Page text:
One Investor’s Stock Crash Is Another’s Candy Crush

If you looked at the recent, and likely temporary crash in the shares of chocolate kingpin Hershey’s Foods (NYSE: HSY) you might think that America is losing its sweet tooth. But a detailed analysis of the cocoa market and what happened to the stock suggests that smart money took the crash as an opportunity to buy the dip.

The Most Important Meal of the Day

I was checking out at Trader Joe’s last week when the cashier smiled at me. That’s because I had bought two bars of Uganda black chocolate and told him to be careful as to where he put them in the bag since he was holding the most important meal of the day.

Now, I have to admit that this premium chocolate costs slightly more than your average candy bar. But thanks to a mild medical condition, it’s the only one I can have. So, even when I’m pinching pennies like everyone else, I still plunk down a little extra for this stuff once in a while, especially when I’ve had a tough day.

And I’m not alone as food allergies and just plain concerns for healthy food alternatives are a growing consumer trend, which favors chocolate consumption.

Which is why I began wondering why shares of the usual recession proof Hershey Foods got crushed along with other consumer stocks such as Walmart (NYSE: WMT) and Target (NSDQ: TGT) a few days ago.

Chocolate Companies are in the Sweet Spot

If you look through your average grocery store these days, you’ll see two distinct aisles full of chocolate related items. On one aisle you’ll see the traditional candy bars and analogs, e.g. Snickers, M&Ms, Hershey’s Kisses, and Reese’s Peanut Butter cups.

In the second aisle you’ll see the nutrition bars. These are also chocolate based in many cases, but many of them are now catering to the low carb, keto-diet, and soy and peanut avoiding crowd.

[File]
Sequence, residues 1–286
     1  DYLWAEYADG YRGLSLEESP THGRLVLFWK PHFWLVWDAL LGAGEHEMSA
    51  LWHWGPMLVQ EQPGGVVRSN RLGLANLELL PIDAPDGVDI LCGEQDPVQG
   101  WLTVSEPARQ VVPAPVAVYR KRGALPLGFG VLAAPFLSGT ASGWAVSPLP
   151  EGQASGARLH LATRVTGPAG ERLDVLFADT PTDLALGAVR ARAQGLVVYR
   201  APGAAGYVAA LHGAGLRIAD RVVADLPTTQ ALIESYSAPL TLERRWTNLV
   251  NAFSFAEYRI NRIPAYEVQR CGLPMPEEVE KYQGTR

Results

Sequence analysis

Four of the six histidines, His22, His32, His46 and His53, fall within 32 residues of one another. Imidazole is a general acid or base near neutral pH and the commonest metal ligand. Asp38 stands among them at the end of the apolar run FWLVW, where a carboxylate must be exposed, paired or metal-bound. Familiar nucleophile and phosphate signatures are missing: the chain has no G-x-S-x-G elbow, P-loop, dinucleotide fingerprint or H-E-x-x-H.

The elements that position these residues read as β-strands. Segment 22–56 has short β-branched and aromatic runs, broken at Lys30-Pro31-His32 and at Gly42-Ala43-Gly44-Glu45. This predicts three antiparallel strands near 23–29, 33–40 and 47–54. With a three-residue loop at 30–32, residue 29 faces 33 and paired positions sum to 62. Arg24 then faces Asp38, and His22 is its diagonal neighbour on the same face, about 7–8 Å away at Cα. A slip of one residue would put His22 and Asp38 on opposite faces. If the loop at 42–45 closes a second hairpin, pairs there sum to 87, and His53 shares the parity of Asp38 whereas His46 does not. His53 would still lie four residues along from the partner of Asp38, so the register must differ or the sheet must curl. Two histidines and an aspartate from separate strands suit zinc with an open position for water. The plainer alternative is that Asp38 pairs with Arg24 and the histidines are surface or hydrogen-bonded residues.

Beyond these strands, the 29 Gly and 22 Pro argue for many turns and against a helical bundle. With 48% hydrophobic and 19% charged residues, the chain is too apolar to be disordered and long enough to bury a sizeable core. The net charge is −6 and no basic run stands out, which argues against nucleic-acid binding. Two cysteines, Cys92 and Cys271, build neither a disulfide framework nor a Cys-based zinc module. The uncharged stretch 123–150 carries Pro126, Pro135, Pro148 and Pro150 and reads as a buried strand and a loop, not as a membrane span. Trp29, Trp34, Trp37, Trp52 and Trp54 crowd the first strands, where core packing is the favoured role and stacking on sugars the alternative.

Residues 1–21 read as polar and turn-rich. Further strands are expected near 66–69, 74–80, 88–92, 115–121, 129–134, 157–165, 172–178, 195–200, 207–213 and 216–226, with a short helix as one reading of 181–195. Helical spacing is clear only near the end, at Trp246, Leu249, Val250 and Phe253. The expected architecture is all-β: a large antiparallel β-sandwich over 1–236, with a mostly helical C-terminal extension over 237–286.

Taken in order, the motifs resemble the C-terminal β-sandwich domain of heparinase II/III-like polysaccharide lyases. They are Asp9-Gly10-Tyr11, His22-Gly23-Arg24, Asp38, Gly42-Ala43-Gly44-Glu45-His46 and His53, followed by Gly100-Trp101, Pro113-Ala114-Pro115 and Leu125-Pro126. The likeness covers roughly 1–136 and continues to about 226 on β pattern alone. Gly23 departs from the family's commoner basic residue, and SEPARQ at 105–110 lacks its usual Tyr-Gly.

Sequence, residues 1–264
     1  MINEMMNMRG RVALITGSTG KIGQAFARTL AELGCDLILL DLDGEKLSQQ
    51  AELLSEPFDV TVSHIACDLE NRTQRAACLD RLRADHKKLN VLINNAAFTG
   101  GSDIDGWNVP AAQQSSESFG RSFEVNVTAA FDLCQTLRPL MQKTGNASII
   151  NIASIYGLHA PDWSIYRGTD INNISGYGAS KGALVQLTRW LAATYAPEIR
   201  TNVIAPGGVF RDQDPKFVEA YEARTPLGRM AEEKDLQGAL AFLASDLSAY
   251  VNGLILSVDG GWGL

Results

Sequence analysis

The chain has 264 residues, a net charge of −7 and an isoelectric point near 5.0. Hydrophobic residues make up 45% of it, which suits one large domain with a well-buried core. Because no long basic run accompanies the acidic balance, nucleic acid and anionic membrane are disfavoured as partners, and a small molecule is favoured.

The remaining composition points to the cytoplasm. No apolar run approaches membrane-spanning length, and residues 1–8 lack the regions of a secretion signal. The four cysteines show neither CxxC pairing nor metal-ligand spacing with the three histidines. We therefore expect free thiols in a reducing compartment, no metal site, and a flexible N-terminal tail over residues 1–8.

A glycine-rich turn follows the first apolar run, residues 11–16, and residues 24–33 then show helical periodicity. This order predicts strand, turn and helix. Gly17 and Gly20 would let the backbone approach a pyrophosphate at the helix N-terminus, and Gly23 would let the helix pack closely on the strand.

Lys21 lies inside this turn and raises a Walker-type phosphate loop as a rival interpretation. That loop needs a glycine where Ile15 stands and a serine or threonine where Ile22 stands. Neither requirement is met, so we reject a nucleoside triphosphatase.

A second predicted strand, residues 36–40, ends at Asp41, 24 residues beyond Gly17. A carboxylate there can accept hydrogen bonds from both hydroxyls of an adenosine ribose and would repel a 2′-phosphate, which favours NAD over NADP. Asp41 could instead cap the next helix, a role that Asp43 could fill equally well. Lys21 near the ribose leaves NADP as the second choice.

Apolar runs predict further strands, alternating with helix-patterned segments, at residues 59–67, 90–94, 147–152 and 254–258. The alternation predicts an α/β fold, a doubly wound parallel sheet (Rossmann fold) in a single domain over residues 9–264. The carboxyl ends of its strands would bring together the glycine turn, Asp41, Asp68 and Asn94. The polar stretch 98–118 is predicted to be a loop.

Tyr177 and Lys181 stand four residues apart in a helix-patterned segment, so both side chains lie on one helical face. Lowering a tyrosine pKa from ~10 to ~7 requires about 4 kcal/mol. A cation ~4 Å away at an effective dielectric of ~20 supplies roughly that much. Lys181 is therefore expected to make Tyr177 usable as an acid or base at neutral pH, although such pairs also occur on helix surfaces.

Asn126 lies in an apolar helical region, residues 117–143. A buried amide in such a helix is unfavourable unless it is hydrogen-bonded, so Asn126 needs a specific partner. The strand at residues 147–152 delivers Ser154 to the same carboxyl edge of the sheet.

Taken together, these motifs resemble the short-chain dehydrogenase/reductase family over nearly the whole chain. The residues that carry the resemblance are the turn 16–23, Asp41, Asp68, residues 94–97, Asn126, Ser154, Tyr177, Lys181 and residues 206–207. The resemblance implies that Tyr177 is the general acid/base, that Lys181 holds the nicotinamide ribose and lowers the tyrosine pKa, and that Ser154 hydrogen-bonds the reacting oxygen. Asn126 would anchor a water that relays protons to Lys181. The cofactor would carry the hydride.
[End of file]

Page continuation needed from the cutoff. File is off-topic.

Both aisles usually have pretty good traffic, which is why chocolate consumption is projected to grow at a 4% annual rate – 20% over the next five years.

Now, consider the fact that the price of cocoa is currently very affordable for chocolate companies, while their ability to raise prices due to the general state of inflation is in good shape.

The combination of relatively inexpensive cocoa, combined with solid customer demand gives HSY and other chocolate-based businesses an advantage over businesses whose primary materials are rising in price. Of course, this factor is only an advantage as long as the supply chain holds up.

Moreover, Hershey’s, the number 2 chocolate company in the world, behind Mars-Wrigley recently announced, what in this market has to be considered a platinum class earnings report, which featured:

  • 32% EPS growth
  • 16% sales growth to $2.66 billion – Bullish Easter season
  • Focus on affordability – 25% of product portfolio priced at less that $2
  • Double digit growth in salty snacks – especially newly acquired pretzel products

Indeed, CEO Steve Voskul uttered the holy grail statement of any earnings conference call by noting: